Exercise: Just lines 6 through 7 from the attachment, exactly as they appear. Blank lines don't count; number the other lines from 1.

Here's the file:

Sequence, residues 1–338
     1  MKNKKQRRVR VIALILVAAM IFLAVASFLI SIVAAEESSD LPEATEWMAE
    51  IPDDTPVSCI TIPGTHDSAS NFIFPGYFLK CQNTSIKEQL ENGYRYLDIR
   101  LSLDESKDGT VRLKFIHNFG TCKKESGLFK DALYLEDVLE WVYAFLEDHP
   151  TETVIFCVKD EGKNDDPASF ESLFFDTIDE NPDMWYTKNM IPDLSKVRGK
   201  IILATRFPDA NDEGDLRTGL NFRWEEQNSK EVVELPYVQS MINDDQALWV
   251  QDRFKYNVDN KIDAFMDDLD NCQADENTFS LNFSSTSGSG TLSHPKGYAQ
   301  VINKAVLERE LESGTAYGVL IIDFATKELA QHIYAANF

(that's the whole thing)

   201  IILATRFPDA NDEGDLRTGL NFRWEEQNSK EVVELPYVQS MINDDQALWV
   251  QDRFKYNVDN KIDAFMDDLD NCQADENTFS LNFSSTSGSG TLSHPKGYAQ